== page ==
Last week, the Exploratorium kicked off a new program series called Field of View: Mapping Emerging Media Technologies, focusing on immersive art and technology experiences. Organized by our Cinema Arts Program curators, the events, which continue through October 22, 2017, showcase dynamic interactive works in the current landscape of virtual reality (VR), augmented reality (AR), and mixed reality (MR), engaging participants in unique ways to experience stories.
Field of View features a new VR film by artist and filmmaker Lynette Wallworth, Collisions, which puts the viewer into an intimately told account of the Martu tribe in remote Western Australia, sharing their memory of being confronted with the horror of an atomic test conducted in their homeland. There are a number of viewing opportunities for Collisions during Field of View, so be sure to catch a screening of this unique film.
I asked Cinema Arts program coordinator and series curator Kathleen Maguire some questions about selecting the works and how the media creators were innovating in using these technologies to create immersive experiences.
Kathleen: I've found that making these experiences playful (to me) actually seems easy. The open endedness and finding one's way mentioned above forces the user to be playful. Also, one of the great effects of VR is that the user can easily lose their sense of actual place, which can lower inhibitions. One of the pieces we are sharing, VVVR, encourages two people to sing objects into existence - they approach this however they'd like (by coordinating, or going on a solo venture) --- however, you have to use your voice -- and the louder you are, the larger the shapes. I'm a bit shy and was trying this with the creator, who I had just met. I found it only took a minute or so to be overcome by the fun and the possibilities - and to lose that initial shyness. He said that effect is very common, so much so that his co-creator mentions that after one minute in the experience, people are totally open, forgetting where they are.
VVVR by Plus Four
What kinds of things were you looking for in selecting participants and works for Field of View?
Kathleen: A key thing I was looking for when selecting participants was a clear understanding of why they were using the technology they selected. For artworks, it was key for the experience to use the technology in a way that was fluid, integrated, and, in a way, made you forget (somewhat) about the technological intervention because you are enthralled by the experience. In the case of some of the research uses we'll demo, we selected experiences that clearly are furthering the fields they are part of, be it neuroscience, optometry or social science and for those research experiences to be rooted in solid scientific framing, even if they are very experimental and still iterating. Whenever possible, we also wanted the creators of the experience to be present for their demos and to facilitate and talk directly with the public.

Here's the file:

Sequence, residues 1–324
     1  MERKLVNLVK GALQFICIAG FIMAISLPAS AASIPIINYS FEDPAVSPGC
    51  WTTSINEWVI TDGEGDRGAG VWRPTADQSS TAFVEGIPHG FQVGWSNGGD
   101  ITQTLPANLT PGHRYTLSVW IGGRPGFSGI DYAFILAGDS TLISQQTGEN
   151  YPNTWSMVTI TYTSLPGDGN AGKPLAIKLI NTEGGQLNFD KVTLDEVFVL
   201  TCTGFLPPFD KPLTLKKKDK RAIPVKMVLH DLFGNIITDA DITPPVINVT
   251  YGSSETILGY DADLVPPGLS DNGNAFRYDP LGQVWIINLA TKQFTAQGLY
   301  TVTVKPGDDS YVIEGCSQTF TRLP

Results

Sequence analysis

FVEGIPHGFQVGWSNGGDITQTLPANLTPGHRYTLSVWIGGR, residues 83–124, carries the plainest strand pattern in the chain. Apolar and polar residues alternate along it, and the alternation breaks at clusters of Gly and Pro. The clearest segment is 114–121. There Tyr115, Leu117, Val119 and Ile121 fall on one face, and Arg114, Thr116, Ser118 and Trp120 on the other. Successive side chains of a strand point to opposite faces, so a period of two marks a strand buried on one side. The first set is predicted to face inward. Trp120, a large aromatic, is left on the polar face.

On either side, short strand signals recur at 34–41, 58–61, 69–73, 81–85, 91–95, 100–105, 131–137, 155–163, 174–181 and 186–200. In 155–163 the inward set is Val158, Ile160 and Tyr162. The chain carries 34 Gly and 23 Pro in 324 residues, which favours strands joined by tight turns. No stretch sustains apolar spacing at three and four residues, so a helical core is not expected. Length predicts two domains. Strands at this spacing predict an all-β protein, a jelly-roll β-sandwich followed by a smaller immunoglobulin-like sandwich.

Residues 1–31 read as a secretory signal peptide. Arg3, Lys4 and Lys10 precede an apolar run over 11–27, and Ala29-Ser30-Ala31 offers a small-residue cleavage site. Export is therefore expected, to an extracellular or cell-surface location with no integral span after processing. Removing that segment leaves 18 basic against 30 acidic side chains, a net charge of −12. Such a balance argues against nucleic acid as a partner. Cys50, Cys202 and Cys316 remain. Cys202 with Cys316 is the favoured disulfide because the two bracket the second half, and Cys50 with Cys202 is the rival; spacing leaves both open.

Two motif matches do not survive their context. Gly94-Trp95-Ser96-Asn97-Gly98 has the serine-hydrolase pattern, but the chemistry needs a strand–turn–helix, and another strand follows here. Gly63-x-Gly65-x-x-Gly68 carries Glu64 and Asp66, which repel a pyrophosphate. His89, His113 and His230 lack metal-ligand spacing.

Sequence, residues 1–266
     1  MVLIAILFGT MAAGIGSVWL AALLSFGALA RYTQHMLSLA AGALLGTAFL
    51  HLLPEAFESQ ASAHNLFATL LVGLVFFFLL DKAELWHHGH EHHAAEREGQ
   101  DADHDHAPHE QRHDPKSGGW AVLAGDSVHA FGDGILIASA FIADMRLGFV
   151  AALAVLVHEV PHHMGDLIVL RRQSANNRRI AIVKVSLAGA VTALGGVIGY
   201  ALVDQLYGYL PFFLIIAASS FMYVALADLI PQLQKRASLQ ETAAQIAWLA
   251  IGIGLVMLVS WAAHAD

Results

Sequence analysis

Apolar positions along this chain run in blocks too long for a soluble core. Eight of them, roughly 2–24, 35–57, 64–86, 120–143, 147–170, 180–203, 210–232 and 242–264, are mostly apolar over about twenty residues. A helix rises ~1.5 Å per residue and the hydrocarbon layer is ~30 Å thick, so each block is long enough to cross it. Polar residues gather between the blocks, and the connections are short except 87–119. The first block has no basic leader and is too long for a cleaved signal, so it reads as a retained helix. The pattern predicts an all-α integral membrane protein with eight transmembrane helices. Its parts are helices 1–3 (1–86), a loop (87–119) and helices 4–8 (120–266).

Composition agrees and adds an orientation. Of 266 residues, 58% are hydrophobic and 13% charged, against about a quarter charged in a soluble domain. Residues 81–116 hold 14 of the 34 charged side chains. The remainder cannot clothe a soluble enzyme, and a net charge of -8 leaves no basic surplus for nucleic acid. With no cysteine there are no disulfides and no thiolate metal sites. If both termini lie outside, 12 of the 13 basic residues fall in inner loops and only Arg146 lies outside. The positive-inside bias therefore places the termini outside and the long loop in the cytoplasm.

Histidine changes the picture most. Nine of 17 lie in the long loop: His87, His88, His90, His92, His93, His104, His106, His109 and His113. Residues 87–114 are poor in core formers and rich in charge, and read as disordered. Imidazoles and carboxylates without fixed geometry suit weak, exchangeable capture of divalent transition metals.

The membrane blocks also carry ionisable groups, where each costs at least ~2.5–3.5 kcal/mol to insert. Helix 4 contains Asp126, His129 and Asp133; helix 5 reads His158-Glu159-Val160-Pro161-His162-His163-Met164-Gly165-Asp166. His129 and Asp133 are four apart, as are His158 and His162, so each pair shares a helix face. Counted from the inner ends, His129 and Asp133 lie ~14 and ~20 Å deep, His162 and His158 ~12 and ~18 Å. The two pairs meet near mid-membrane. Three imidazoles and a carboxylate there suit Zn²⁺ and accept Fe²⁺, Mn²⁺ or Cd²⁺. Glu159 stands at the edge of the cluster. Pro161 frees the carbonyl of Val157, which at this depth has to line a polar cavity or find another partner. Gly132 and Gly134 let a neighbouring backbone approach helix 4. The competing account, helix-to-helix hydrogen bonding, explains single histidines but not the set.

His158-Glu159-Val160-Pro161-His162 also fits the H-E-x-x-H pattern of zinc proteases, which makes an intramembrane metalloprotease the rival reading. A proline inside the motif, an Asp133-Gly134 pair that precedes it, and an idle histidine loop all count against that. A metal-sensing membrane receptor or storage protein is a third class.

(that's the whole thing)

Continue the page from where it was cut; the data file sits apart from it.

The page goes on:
Did any themes emerge for you as you developed the event series?
Kathleen: My background is as an archivist and I am very interested in the technical history of moving images. When I started this research, something I suspected and found very interesting was the possibility that history may be repeating itself in regards to VR. While the technology is more advanced than it was during the major first wave of VR interest in the late 80's / early 90's, a lot does seem to be the same. The physical technology of the head mounted displays remain fairly clunky and uncomfortable to wear over time. It's also quite expensive for individuals to invest in --- and very difficult to facilitate in public settings. As with the first wave of VR, the intense interest surrounding it seems to pair with a gulf in understanding of how to make it accessible to the wider public and comfortable to use. In my research I found many of those associated with the earlier waves of VR -- and great thinkers about tech future-- consider the current wave of VR to really be a stop gap as we try to understand how to use AR and MR, which is perhaps where a more solid future lies.
In terms of other themes that emerged in the type of work that people are making, there is a strong interest in documentary in the more traditional storytelling within VR. There also seems to be an understanding that it may be beneficial to craft experiences that, while immersing the viewer in the experience in the headset, somehow tie them back to a community or to a physical space. This is clear in experiences like Sansar, a new immersive VR world from Linden Labs, the creator of Second Life, where its creators are designing an entire community space accessible through the headset that allows users to meet people and to build communities entirely within the headset experience. There also seems to be a big movement of people who map VR experiences back to the physical environment. In our series we have eleVR and Can Buyukberber who have created physical objects that match things you see in the virtual space. There are larger scale instances of this, like with the experience Tree or Carne y Arena from Alejandro Inarritu, which are true large scale installations that incorporate virtual reality.